Comments on: The cult of statistical significance
http://timharford.com/2011/04/the-cult-of-statistical-significance/
The Undercover EconomistMon, 21 Jul 2014 10:39:45 +0000hourly1https://wordpress.org/?v=4.6.1By: Eduardo
http://timharford.com/2011/04/the-cult-of-statistical-significance/comment-page-1/#comment-170
Sun, 17 Apr 2011 21:08:38 +0000http://timharford.com/?p=1760#comment-170I don’t really see the point. P value and confidence intervals are esentially the same information. Is your point estimate within the confidence interval for a given p value? What is the min p value for what that happens? Is not the same information?
]]>By: Tim Harford
http://timharford.com/2011/04/the-cult-of-statistical-significance/comment-page-1/#comment-169
Thu, 07 Apr 2011 10:46:54 +0000http://timharford.com/?p=1760#comment-169Mo – my statistical knowledge may have wobbled here, but Ziliak and others – for instance Gerd Gigerenzer in this PDF – argue that you are quite right. A bright-line statistical confidence test is exactly the wrong kind of test. Gigerenzer’s paper is good on this and also discusses what Fisher did and did not think with much more detail than I.
]]>By: Mo
http://timharford.com/2011/04/the-cult-of-statistical-significance/comment-page-1/#comment-168
Thu, 07 Apr 2011 09:21:57 +0000http://timharford.com/?p=1760#comment-168Reading the earlier article you linked to, I was struck by this: “Researchers estimated that every dollar spent on the programme saved $4.30 and were 87 per cent confident that the result was real.”
Surely this is completely the wrong kind of test? It’s not that the programme definitely saved either $4.30 or $0.00, but that the programme saved an indeterminate amount and there’s an 87% confidence that the amount in question was $4.30. Therefore they should have calculated a weighted probbaility distribution and arrived at a figure that might have been eg. $4.10 +/- 0.20 with 95% confidence?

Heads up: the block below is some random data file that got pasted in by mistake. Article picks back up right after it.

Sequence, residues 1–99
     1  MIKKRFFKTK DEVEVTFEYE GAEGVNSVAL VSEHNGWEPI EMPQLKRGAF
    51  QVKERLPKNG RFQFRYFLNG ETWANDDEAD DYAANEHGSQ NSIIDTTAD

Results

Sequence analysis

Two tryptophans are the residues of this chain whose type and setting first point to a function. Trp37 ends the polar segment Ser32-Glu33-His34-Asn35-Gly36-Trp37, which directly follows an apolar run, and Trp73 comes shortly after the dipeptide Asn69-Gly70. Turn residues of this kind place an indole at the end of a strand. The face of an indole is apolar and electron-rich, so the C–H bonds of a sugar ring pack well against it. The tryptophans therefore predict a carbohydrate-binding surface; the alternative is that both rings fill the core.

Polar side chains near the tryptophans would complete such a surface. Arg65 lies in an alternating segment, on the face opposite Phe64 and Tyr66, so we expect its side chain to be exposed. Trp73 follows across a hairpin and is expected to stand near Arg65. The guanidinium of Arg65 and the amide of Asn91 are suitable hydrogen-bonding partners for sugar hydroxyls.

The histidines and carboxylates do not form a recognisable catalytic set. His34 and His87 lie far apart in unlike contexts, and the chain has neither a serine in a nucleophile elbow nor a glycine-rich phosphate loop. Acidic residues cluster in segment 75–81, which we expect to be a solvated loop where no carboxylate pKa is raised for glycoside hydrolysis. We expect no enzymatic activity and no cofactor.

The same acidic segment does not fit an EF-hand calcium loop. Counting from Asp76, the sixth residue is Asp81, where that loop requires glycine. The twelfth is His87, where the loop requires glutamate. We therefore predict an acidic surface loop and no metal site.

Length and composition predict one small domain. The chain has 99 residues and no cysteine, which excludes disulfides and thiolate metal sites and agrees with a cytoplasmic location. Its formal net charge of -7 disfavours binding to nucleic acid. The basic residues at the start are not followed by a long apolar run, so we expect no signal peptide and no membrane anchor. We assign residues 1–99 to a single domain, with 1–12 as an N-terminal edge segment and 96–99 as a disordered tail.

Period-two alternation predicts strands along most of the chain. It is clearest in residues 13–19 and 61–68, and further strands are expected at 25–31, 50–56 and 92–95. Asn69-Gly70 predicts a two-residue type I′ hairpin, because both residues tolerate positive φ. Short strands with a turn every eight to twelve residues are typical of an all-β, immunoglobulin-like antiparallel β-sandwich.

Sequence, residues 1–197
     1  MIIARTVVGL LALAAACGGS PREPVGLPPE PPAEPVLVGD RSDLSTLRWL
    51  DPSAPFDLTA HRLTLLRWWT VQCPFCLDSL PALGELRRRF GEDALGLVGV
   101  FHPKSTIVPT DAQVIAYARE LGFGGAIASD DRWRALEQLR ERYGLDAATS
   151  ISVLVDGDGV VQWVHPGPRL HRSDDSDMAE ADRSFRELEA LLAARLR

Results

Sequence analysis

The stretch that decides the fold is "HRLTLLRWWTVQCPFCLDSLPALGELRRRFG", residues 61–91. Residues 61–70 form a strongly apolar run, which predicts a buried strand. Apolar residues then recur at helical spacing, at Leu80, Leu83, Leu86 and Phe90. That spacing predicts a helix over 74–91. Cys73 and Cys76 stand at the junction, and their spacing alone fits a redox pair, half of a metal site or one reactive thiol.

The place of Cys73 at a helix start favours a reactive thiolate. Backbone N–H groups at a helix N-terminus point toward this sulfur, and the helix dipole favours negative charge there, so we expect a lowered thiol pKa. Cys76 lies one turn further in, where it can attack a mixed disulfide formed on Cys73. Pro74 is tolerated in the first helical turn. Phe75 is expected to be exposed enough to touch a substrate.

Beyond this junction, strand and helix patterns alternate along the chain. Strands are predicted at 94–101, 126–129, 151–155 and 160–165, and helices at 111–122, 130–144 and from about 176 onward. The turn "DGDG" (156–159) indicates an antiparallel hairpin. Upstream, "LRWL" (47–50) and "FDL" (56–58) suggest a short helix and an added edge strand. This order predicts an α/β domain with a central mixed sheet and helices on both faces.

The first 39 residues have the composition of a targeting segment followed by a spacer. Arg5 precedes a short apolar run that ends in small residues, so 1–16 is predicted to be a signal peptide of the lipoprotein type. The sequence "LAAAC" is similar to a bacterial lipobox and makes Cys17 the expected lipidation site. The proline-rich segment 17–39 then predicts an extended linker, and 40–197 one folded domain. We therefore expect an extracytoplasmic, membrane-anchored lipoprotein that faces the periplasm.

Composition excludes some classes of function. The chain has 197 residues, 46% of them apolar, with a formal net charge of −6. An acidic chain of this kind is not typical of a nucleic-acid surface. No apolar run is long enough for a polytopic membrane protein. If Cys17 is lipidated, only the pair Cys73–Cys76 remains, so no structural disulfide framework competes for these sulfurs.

Sorry, I know this is old news, but it’s nagging at me now ðŸ™‚
]]>By: Daniel
http://timharford.com/2011/04/the-cult-of-statistical-significance/comment-page-1/#comment-167
Wed, 06 Apr 2011 19:48:06 +0000http://timharford.com/?p=1760#comment-167Of course, p-values being used to imply a significance when there is none is a problem, too. See today’s xkcd: http://xkcd.com/882/
]]>By: Adrian Liston
http://timharford.com/2011/04/the-cult-of-statistical-significance/comment-page-1/#comment-166
Wed, 06 Apr 2011 17:59:24 +0000http://timharford.com/?p=1760#comment-166Well, that is not really accurate. You could lower the p value by just pumping in extra participants, but equally you could increase the p value by pumping in extra participants. It all depends on whether the initial batch was representative of the larger group or not. Obviously there is a cult of 0.05, since editors see 0.049 as profoundly different from 0.051, when really there is next to no difference, but the objection that p is just a measure of n is not really sound.
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